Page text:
On TBF today is a book that is special for quite a few reasons and I’ll explain them all in the review below. The book in question is Norse Mythology by Neil Gaiman from Bloomsbury Publishing.
I bought this book last year when it was still hot off the press simply because it contained the words Norse and Mythology in one title. I’m a huge, HUGE mythology fan and Norse Mythology is on of those lesser known gems that have not yet been completely discovered and talked about as much as Greek or Egyptian Myths. To me, the fact that this was one concise guide to another beautiful, obscure culture and it’s roots was more than enough an incentive to buy it.
Norse Mythology is a collection of stories that explain in detail important concepts and foundations of the North Germanic people. Although with the uprising of Christianity, most of the literature and scriptures have been lost but a few passed on works have still survived through the concealment of the Gods as kings and princes so as to appease the Christian rule. Neil Gaiman has taken the stories from the poem called Edda and put through the situations through a little fictional magic of his own.
He goes on to explain the conception of the world according to Norsemen and how the use of pagan symbols and worship slowly formed a full fledged religion. The importance of the world tree Yggdrasil is understood as it marks the centre of the Norse Universe, stemming 9 realms from it. The Gods are born of a giant called Ymir and it’s his sons, Odin, Vili and Vè who later on slay him to create the remainder of all in existence, including Asgard and Midgard. The beginning also marks the existence of the end, Ragnarok. The Norse Universe exist on this very phenomenon that one day, the fire demon Surtr will bring the Norse Universe to an end with his flaming sword as it will slash through gods and mortals alike to lay it all to ruin.
The myths of Thor, Loki, Balder, Heimdall and other gods are presented through stories and narratives also highlighting all the important incidents such as Odin becoming an All-Father, how Mjollnir became Thor’s weapon, the creation of beasts and Hell and Valhalla, etc.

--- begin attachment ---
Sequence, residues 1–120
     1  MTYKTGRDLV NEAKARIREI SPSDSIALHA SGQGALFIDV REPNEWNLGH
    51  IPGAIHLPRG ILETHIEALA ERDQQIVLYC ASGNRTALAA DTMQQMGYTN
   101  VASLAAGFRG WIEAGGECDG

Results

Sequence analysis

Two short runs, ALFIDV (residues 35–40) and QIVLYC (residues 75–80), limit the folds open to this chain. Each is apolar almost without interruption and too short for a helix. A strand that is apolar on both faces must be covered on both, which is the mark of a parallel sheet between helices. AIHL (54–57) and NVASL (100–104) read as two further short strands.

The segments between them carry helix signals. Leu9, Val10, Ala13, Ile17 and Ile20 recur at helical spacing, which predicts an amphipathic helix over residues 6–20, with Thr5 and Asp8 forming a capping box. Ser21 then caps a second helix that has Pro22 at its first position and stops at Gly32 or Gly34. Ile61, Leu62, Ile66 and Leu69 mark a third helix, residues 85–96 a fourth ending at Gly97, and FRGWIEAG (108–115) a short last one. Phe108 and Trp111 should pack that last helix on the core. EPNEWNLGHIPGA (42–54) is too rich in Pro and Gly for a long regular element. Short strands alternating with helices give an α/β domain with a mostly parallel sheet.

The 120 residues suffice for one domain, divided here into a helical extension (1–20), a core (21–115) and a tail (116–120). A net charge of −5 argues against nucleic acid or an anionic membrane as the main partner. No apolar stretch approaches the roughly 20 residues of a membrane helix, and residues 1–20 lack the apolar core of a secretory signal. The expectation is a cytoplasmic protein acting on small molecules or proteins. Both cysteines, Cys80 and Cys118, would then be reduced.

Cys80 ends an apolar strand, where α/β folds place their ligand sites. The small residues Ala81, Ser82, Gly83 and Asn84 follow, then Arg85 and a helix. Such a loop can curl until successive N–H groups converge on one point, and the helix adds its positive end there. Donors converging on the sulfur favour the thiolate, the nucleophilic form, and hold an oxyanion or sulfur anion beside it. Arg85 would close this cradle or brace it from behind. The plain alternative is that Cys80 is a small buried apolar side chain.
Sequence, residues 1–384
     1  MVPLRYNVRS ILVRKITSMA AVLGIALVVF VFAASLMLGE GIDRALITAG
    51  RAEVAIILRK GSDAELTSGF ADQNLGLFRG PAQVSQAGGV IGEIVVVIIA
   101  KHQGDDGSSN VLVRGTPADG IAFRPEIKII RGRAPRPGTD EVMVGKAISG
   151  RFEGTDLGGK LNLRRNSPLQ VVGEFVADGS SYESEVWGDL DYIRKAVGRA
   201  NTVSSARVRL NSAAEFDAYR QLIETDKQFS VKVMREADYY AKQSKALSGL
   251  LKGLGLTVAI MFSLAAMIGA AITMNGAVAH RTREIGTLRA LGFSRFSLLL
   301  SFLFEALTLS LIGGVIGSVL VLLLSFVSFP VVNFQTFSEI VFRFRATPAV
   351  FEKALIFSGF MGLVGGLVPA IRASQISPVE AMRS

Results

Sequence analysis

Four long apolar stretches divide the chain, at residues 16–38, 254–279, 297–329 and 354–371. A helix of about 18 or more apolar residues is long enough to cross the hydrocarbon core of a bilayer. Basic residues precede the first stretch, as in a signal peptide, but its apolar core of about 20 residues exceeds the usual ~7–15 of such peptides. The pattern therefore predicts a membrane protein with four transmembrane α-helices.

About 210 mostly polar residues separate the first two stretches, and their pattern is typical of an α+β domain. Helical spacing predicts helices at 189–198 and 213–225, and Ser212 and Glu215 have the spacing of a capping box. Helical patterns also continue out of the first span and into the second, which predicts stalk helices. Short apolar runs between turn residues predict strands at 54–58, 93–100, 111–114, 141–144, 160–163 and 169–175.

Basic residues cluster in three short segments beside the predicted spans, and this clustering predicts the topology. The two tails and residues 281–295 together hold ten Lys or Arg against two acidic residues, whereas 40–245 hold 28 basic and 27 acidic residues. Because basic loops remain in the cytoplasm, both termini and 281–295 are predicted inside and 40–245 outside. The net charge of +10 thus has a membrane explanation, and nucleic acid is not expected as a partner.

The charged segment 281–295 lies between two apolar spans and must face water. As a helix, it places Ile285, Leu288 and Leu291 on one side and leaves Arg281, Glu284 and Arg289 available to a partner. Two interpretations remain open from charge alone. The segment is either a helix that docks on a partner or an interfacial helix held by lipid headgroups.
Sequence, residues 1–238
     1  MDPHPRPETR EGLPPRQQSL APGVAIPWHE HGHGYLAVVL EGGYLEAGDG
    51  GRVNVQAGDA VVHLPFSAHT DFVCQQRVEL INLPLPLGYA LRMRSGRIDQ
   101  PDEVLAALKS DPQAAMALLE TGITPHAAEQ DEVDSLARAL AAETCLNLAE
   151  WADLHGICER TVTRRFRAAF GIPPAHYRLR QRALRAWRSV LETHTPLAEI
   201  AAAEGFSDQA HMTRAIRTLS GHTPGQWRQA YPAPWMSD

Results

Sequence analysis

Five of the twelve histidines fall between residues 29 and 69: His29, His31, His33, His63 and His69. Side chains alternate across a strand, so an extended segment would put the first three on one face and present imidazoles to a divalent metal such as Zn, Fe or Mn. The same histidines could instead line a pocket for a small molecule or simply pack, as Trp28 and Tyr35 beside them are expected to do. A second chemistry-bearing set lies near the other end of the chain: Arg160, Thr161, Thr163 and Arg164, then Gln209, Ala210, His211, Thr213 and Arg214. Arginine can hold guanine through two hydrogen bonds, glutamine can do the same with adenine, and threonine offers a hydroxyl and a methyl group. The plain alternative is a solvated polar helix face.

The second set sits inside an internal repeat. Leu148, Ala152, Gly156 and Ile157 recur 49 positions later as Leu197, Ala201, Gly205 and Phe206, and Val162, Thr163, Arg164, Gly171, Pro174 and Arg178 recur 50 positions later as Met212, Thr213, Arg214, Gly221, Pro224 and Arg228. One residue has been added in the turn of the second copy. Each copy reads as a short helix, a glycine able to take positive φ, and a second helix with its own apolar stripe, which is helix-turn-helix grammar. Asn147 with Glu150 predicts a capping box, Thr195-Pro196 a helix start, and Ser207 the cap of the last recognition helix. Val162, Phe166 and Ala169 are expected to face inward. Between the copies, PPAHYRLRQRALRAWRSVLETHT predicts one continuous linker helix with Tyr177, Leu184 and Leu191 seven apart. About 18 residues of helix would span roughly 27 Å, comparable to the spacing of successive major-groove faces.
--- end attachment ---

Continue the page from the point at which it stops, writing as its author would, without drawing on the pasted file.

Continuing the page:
My main fascination was with the differences between the actual myths and the ones portrayed by pop culture. The following are the major points of differences:
- In the Marvel universe, Loki is referred to as the adopted brother of Thor but in reality, he is the blood brother of Odin instead.
- Hela is shown as a beautiful creature that rules the darkness and is the firstborn of Odin but infact, Hel is one of the offspings of Loki with the giantess Angrboda and is half corpse and half alive. It is Odin who sends her to rule the land of the underworld where she takes care of all the souls who didn’t die in battle and greatness and go on to Valhalla, the Norse Heaven.
- Thor is handsome and built and strong, is good at heart even if impulsive. However, unlike the suave Chris Hemsworth, he is also, to put it politely, dimwitted.
- Fenris the wolf is not a pet adopted by Hela/Hel but is one of the 3 monster children of Loki and Angrboda.
The fact that you get to meet another set of Gods according to a culture that basically thrived and flourished on battles and plundering, it is not astonishing to see that they are not perfect. The stories often drip of betrayal, jealousy, hatred and cunning which were obviously very essential qualities for a culture such as that. The Gods aren’t picture perfect and show through their own human traits which is what makes it as engaging and realistic as it is.
This was my first ever Neil Gaiman book and Needless to say, I am spellbound. The manner in which the stories are narrated actually feels like an age old storyteller, sitting in the woods in front of a bonfire to speak of the Gods and their long forgotten tales of valour, humour and cunning.
Often when a culture and it’s myths are retold, there remains the risk of either overdoing the creativity or understating the actual facts. This book was the perfect example of what literary and creative restraint look like. Gaiman made sure you got all the facts, a laugh and then some but without disturbing the credibility of the actual mythology. He has tried every possible way to maintain the sanctity of the culture without making it too factual and boring.
If you aren’t a non fiction lover and would not want all the extra information but would like to skip over to the stories, you can simply skip over the first 20 or so pages but don’t. YOU NEED ALL THE INFORMATION FOR IT ALL TO MAKE SENSE!!!
A 5 star read that actually made me smile and laugh after so long. Definitely a read worthy of all the hype.
Until next time!